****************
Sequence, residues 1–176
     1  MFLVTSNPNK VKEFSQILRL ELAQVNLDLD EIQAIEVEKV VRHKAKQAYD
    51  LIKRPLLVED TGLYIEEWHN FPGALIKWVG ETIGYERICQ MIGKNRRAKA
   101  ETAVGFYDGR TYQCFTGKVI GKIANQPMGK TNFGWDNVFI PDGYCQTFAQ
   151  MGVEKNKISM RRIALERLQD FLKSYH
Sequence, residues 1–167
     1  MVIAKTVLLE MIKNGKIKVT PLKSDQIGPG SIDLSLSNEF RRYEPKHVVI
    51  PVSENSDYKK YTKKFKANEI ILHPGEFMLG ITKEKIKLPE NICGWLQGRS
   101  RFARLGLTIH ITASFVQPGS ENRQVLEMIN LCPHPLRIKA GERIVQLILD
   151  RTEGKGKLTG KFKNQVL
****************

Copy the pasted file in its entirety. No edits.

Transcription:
Sequence, residues 1–176
     1  MFLVTSNPNK VKEFSQILRL ELAQVNLDLD EIQAIEVEKV VRHKAKQAYD
    51  LIKRPLLVED TGLYIEEWHN FPGALIKWVG ETIGYERICQ MIGKNRRAKA
   101  ETAVGFYDGR TYQCFTGKVI GKIANQPMGK TNFGWDNVFI PDGYCQTFAQ
   151  MGVEKNKISM RRIALERLQD FLKSYH
Sequence, residues 1–167
     1  MVIAKTVLLE MIKNGKIKVT PLKSDQIGPG SIDLSLSNEF RRYEPKHVVI
    51  PVSENSDYKK YTKKFKANEI ILHPGEFMLG ITKEKIKLPE NICGWLQGRS
   101  RFARLGLTIH ITASFVQPGS ENRQVLEMIN LCPHPLRIKA GERIVQLILD
   151  RTEGKGKLTG KFKNQVL